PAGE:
Delicate sopranos are a mainstay of Toronto’s early music scene, which favours l’esprit de corps (those sopranos often play one or more period instruments too) to individual vocal vim. Oftentimes a pretty, light, vibrato-less voice is all one needs for particular pieces; but sometimes I wish the music director looked further from his usual pool of voices. Katherine Hill was somewhat underpowered as Menestheus who needed more vocal heft to come alive. Michele deBoer made a fine if at times pale Helen, the arm wrestling scene with Kevin Skelton notwithstanding.

But no matter: all said and done, this Elena was a big treat. David Fallis’ translation of the libretto, projected in the form of supertitles, added entertaining contemporary touches at many a turn. And when the voices were called to come together, as in the choir of the Argonauts, we were given moments of breath-taking beauty. I kept thinking how wonderful it would be to see this staged (by a company other than Opera Atelier). Directors coming out of Toronto’s independent opera scene—Anna Theodosakis, Aria Umezawa, Amanda Smith, the Applin sisters—your turn.

Review first appeared in the Wholenote online.

Aaron Gervais

It took about 10 years due to the vagaries of opera funding, but Aaron Gervais’s first full-length opera finally has its world premiere this spring. He met librettist Colleen Murphy in one of Toronto-based Tapestry Opera’s LibLab collaborations and immediately knew they wanted to work together on a story of a woman caught in a web of international sex trafficking. Fast forward through workshopping, fundraising, planning, a change of leadership at Tapestry and a casting change or two, and Oksana G, scored for an orchestra of 18, three principal singers and a dozen secondary roles, will bring Tapestry’s season to a resounding close in May.

From early days Gervais developed an “in-depth dramaturgic back-and-forth” with Murphy that made it easier for him to understand the characters and write them in music. “The relationship with the librettist is extremely important and I think that’s something a lot of composers don’t take seriously enough,” he says. “But I’ve learned so much, and the piece is so much better from Colleen’s contribution.” A lot of the librettist-composer collaboration happens on the deeply technical side of things—what kinds of vowels and consonants can be used on the key words: “If you’re going to land on a specific note, it has to come through, both in terms of text and emotions.”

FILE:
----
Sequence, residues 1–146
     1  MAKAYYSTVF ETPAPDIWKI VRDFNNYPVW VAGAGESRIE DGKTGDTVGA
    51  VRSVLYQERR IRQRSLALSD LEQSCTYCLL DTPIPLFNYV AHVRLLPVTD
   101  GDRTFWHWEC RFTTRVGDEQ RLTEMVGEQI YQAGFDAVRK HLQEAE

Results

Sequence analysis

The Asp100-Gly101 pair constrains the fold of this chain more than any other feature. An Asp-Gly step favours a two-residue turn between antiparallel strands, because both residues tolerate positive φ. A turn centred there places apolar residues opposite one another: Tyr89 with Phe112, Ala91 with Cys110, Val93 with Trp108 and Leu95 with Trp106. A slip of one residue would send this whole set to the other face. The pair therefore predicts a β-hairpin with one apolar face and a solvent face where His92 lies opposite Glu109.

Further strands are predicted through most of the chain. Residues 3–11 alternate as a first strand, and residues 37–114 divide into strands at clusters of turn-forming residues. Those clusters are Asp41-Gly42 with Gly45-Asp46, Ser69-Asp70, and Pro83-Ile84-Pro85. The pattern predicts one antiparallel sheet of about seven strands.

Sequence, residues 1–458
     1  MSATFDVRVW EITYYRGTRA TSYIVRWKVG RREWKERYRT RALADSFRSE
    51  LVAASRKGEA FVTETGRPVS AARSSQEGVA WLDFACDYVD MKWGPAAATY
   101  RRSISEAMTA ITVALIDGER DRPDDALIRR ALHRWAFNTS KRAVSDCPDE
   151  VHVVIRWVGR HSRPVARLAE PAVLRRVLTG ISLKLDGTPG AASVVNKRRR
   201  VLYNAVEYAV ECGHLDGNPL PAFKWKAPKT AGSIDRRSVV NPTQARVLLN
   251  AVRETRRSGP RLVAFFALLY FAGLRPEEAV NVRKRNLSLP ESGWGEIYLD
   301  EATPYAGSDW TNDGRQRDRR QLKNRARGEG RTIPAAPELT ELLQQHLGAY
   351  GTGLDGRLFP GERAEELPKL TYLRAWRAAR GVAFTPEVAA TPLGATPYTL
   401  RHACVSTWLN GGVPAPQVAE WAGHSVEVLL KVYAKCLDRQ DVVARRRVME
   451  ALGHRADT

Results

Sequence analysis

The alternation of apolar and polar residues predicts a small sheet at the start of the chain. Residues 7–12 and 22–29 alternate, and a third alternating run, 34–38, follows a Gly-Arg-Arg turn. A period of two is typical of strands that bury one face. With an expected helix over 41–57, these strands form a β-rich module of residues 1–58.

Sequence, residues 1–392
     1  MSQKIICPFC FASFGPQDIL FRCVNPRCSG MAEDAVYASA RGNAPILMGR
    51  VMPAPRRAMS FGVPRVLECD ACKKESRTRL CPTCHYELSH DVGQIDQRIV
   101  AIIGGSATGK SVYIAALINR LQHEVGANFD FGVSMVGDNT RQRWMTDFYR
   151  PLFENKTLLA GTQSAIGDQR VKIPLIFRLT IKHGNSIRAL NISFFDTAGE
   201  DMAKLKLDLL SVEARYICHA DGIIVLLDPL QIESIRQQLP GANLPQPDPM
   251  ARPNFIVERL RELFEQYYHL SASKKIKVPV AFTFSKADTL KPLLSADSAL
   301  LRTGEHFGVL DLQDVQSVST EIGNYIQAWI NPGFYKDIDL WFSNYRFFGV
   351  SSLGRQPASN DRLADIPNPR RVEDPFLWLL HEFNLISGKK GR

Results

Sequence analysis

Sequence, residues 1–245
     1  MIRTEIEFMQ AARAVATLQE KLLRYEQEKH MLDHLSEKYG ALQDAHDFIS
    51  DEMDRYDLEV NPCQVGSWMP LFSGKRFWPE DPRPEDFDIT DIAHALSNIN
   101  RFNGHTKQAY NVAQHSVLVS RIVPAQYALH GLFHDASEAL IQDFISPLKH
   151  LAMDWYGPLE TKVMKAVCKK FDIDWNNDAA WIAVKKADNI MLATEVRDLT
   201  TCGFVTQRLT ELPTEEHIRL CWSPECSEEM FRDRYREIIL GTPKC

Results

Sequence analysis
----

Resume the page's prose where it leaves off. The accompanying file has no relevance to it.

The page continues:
Additional challenges comes from using four languages. Oksana G is in English, Russian, Ukrainian and Italian—more complicated, but more authentic to the story than an all-English libretto. Each language, Gervais realized, comes with its own musicality. “This changed the kind of lines I wrote for the singers. Even in Russian and Ukrainian, which are similar, the placement of the vowels is somewhat different and a line that worked well in Ukrainian may seem awkward in Russian, so you’d have to change.”

Earlier in his career, as a young composer eager to expand his horizons, Gervais took singing lessons for a year. One session he remembers as paradigm-changing: he came well prepared and sang everything correctly, yet the teacher interrupted him and told him it wasn’t good. “‘But I did everything correctly,’ I protested. ‘None of that stuff matters,’ she said. ‘It’s about the emotion of the character, and the phrasing.’ This opened my eyes to how different singing is, and how dynamic it can be.” Ever since, he’s enjoyed working with singers precisely because they make the music so thoroughly their own and personal. “I think a lot of composers don’t realize that that’s possible, so they write in a way that straitjackets the singers a little bit. I try very hard to write vocal lines that singers are going to enjoy and be able to make their own.”

Gervais has called San Francisco home since 2009, and still occasionally works on Canadian commissions. Asked if it’s harder to make a living as a composer under the American arts-funding regime, he offers a nuanced view. Different models of arts funding result in different default strategies. “In Canada, it usually goes like this: ‘I’m going to apply for this grant, and if we get it, we’ll do the project.’ In the U.S., it’s more like: ‘I’m going to network and find all these philanthropists, and, hopefully, by building this team over the next couple of years, I’ll be able to get enough funding to make this project work.’” Opera, however, significantly more complex and expensive, is funded that way in Canada, too. Besides, no two composers make a living the same way. “Art is a reflection of your lived experiences, so the kind of art that makes sense in the place where you live will be different from the kind of art that makes sense somewhere else.”

His next big U.S. premiere is Prescription Drug Nation, a piece that recently became even more topical due to the opioid crisis in the U.S. His original intent was to probe some of the meaning attached to prescription drugs in American society as the low-class relatives to more glamourous controlled substances. Six of the drugs get a musical portrait each—aided by a choreographer and a guitar trio. Also in San Francisco, Gervais recently premiered Louis C.K. am Spinnrade, a piece in which the standup comic Louis C.K.’s musings on why we text and drive get mashed up with Schubert’s “Gretchen am Spinnrade,” then recomposed for cello and soprano. It’s all about filling in the empty time of waiting and distracting oneself from the existential dread. What did the audience make of it? “It went well. Laughter was heard, as I was hoping it would be.”